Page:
Andrew Solomon has published an adaptation of a new final chapter to his book, Noonday Demon in today’s New York Times magazine. After a dramatic and sad opening the pieces settles into the an exploration of the lethality and stigma of depression in pregnancy, and the risks and benefits of medicating depression during pregnancy — it’s not as obvious as you might think. Bottom line? There are no easy answers. It’s really thoughtful piece. Recommended.
They would do this bizarre thing. They didn’t take people out into the sunshine where they would begin to feel better. They didn’t include drumming or music to get their blood going. They didn’t involve the whole community. They didn’t externalize the depression as an invasive spirit. Instead what they did was they took people, one at a time into dingy little rooms and made them talk for an hour about bad things that had happened to them!
A Rwandan, speaking to Andrew Solomon, author of Noonday Demon (previous two posts).
On the East Side of Los Angeles? Need to get out of your dingy little room? Why not pick up a copy of the book at a local bookstore? Get out of the house!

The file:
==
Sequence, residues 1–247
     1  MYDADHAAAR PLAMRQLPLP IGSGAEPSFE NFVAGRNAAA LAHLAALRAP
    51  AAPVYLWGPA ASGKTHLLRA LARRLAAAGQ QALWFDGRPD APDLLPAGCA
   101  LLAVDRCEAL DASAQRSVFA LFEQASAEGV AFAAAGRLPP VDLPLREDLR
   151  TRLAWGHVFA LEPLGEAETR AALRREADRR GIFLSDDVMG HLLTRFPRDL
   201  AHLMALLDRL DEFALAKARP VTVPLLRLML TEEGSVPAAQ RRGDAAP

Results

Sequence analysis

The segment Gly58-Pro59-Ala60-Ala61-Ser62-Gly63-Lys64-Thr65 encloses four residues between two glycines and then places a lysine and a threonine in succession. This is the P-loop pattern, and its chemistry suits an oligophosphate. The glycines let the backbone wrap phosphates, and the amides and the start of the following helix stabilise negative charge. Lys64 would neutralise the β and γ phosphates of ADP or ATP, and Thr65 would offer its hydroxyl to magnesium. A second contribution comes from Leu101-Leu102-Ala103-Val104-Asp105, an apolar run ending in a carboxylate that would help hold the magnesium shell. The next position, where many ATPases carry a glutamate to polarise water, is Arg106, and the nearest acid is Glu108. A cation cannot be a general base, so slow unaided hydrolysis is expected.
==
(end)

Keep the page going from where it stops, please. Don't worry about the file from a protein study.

Skylight Books (Los Feliz)
Alias Books East (Atwater)
Stories (Echo Park)
She really gets it right. Andrew Solomon (previous post) opened his Ted talk by quoting it.
I felt a Funeral, in my Brain, (340)
Others imply that they know what it is like to be depressed because they have gone through a divorce, lost a job, or broken up with someone. But these experiences carry with them feelings. Depression, instead, is flat, hollow, and unendurable. It is also tiresome. People cannot abide being around you when you are depressed. They might think that they ought to, and they might even try, but you know and they know that you are tedious beyond belief: you are irritable and paranoid and humorless and lifeless and critical and demanding and no reassurance is ever enough. You’re frightened, and you’re frightening, and you’re “not at all like yourself but will be soon,” but you know you won’t.
― Kay Redfield Jamison, An Unquiet Mind: A Memoir of Moods and Madness
Kay, who is a psychiatrist, wrote about her experience with bipolar disorder. It’s a fascinating account of someone in the profession who also had to come to terms with the stigma of mental illness. She was quite wary of disclosing to colleagues, and when she did it was often with mixed results.